BlueBorne is an airborne computer virus that could blow your connected devices wide open

Computer viruses have finally become airborne with the discovery of BlueBorne – a Bluetooth-highjacking infection. Don’t think this is limited to just your mobile either, BlueBorne can jump between mobile, desktop and IoT systems – mixing happily with Android, iOS, Windows and Linux.

Discovered by Armis Labs, an IoT security and consultancy company from Palo Alto in California, BlueBorne allows attackers to take control of the devices it infects. It aims to access corporate data and networks, break through “air-gapped” networks and act as a seed in the spreading of malware to other connected devices.

BlueBorne can jump between devices via your Bluetooth connection and, most alarmingly of all, doesn’t need to be paired to your phone to work. In fact, the only safe way to avoid infection is to turn your Bluetooth completely off as it can still infect devices with discoverable mode turned off.

As it is, BlueBorne may not be able to cause too much damage to your devices but Armis has also discovered eight zero-day vulnerabilities that could be leveraged to hijack your device. So far these zero-day holes have been cracked wide open as part of lab testing, the company also believes many more vulnerabilities are out there for it to exploit.

If you want to go deeper into what BlueBorne is capable of, Armis Labs has put together a white paper on the virus. If that seems a little too much of a deep-dive, there’s also a YouTube video you can watch to get a more general overview.

BlueBorne: What’s the risk?

According to Armis Labs, BlueBorne has the potential to cause “devastating effect” on your device or corporate networks if it wriggles its way in. It starts by targeting the weakest spot in a network’s defence and then spreads from device to device over the air. It can make the jump so easily because Bluetooth protocols have high priority in most operating systems, allowing the malware to latch on and work its way through your system by acting as a Bluetooth connected device.

BlueBorne can take control of your inputs, access your folders and really do anything it likes to an infected device. Armis believes that BlueBorne surpasses the capabilities of most attacks due to its ability to jump over into networks that are completely disconnected from the internet.

Basically, it’s a hacker’s dream.

BlueBorne: What’s being done?

Understandably, you want to know what’s going on in terms of trying to stop the spread of BlueBorne around the world. Currently, there are around 8.2 billion Bluetooth-enabled devices in the world today, meaning 8.2 billion potential access points for BlueBorne. These devices range from dumb speakers and small IoT devices through to phones and computers and even up to medical devices. That’s why Armis has been working with the world’s biggest tech firms to help clamp down on BlueBorne.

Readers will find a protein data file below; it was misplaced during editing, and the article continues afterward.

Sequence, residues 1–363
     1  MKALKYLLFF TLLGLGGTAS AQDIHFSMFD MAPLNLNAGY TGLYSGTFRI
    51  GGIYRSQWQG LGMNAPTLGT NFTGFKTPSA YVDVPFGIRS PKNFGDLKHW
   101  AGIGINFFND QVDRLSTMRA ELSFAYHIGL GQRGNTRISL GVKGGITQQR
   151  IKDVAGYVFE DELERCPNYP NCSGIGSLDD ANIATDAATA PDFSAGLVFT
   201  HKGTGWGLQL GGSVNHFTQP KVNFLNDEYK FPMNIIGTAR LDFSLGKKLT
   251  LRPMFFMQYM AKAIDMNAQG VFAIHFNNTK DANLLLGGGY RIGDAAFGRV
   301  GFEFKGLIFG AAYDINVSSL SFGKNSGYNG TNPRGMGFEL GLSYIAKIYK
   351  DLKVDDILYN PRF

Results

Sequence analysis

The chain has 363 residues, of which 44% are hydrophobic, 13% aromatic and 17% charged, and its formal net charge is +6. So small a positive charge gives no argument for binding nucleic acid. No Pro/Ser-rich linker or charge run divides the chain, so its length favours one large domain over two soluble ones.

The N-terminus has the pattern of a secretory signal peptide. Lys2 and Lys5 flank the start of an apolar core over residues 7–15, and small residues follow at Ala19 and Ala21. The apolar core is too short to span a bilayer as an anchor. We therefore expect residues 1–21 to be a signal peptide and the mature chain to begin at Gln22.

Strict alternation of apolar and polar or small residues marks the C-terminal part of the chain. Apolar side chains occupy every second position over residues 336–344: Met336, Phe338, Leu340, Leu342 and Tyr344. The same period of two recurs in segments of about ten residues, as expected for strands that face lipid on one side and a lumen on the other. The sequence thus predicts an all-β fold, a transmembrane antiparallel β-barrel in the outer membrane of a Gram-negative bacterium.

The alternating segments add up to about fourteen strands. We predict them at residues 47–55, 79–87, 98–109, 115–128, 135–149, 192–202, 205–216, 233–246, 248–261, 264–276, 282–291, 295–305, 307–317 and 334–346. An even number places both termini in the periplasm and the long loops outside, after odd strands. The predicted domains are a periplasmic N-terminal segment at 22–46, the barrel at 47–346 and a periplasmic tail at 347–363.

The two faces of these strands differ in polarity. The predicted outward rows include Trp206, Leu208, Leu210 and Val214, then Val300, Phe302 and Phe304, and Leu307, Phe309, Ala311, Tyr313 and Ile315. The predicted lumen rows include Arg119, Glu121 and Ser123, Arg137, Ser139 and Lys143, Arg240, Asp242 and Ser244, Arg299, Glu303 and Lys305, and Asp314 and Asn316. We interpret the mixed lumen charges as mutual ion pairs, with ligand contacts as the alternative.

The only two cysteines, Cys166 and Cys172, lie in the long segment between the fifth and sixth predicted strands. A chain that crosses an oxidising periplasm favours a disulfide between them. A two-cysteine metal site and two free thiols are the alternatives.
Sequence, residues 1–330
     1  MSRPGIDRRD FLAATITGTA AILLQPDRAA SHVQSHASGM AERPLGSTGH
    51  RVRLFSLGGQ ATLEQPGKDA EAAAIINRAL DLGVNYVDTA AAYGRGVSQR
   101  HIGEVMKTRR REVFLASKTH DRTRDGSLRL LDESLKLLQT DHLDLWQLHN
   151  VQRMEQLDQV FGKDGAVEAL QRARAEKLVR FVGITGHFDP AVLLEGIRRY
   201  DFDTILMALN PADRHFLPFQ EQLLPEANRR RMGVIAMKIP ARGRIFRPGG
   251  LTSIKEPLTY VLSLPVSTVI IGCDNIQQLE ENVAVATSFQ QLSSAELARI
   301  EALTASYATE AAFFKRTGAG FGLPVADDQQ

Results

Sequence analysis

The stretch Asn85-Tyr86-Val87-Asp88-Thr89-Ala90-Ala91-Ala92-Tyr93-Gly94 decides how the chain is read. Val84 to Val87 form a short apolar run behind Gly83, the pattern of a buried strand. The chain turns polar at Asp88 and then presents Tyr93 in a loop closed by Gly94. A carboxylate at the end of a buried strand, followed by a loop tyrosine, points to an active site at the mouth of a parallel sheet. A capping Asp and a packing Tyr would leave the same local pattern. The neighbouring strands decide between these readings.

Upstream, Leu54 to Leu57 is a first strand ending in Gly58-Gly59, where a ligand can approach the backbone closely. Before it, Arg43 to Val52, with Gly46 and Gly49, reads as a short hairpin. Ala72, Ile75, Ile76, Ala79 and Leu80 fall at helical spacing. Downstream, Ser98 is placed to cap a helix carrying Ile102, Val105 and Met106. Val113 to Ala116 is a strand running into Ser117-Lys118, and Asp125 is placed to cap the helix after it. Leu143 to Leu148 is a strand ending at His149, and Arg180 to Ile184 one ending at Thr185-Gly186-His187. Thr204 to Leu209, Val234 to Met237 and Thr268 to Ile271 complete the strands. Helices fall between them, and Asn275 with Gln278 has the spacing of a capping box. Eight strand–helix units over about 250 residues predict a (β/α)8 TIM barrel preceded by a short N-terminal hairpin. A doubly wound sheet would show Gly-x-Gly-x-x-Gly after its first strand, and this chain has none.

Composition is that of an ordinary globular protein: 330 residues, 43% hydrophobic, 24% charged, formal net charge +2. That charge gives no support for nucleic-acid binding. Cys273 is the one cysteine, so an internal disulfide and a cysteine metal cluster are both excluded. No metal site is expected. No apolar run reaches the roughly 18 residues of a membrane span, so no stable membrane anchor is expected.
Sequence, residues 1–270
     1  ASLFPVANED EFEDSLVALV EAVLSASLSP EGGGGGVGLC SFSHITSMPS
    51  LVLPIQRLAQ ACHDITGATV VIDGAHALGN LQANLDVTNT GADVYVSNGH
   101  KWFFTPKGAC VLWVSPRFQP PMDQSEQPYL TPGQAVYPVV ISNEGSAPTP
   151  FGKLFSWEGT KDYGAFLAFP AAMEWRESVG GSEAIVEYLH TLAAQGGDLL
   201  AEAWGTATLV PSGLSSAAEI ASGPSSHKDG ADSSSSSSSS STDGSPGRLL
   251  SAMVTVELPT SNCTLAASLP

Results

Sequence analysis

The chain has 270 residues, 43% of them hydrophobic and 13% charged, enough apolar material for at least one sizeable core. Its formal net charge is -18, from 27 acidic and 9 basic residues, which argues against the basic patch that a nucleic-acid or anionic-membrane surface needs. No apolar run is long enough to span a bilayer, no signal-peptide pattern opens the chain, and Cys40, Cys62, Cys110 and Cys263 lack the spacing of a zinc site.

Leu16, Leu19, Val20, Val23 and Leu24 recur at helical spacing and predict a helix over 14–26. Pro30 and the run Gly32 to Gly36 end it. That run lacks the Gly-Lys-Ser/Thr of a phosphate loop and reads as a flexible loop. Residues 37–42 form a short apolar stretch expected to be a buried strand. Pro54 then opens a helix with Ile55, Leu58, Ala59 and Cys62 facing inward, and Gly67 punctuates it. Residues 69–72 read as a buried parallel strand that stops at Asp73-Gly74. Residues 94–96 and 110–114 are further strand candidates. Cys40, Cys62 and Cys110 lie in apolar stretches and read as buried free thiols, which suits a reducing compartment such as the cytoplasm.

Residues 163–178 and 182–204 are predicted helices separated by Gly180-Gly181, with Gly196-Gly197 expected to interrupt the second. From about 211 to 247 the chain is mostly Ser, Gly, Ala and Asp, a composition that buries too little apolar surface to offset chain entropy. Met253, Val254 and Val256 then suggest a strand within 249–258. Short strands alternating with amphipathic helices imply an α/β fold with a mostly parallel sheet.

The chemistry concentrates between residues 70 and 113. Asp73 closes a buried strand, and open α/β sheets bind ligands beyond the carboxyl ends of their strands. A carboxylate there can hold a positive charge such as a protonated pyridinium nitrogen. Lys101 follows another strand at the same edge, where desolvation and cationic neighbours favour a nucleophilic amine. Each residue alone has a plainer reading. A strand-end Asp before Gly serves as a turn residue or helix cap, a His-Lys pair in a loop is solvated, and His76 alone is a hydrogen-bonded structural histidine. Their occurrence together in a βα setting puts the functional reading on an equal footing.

Google, Microsoft, Apple, Samsung and Linux have all been contacted. Apple claimed that, as of 9 August, it had no vulnerabilities in its current software. Google and Microsoft both worked to release a software update ahead of going public with the BlueBorne announcement on the 12 September. Linux should currently be rolling out an update for BlueBorne soon, but Samsung didn’t even opt to reply to concerns meaning that – while its Android-powered devices are secured thanks to Google, it’s others may not be.

BlueBorne: Which devices are vulnerable?

Despite the security updates being rolled out, BlueBorne is still a threat due to how careless many users are with their device updates.

Despite Apple claiming that there were no vulnerabilities in any of its software, all iOS devices running iOS 9.3.5 or lower, along with Apple TV devices older than version 7.2.2 are all vulnerable to BlueBorne. You can solve this by simply updating to iOS 10, or the newest tvOS as both are protected.

All versions of Windows from Vista onwards are vulnerable to BlueBorne and thus require Microsoft’s latest patch release – which should have gone live on 12 September. You can check its status here.

Linux updates are still required, meaning any Tizen OS-powered device – such as the Samsung Gear S3 or its range of Smart TVs – are vulnerable. Alongside that, any Linux device running BlueZ or version 3.3-rc1 are affected.

For Android users, the problem is a little more prevalent. All Android devices, besides those using Bluetooth Low Energy, are affected by BlueBorne – albeit in different ways. Google is issuing a security patch for Android 7 Nougat and Android 6 Marshmallow and is currently notifying manufacturers to push the update out ASAP. If your phone was last updated after 9 September, you should now be protected.

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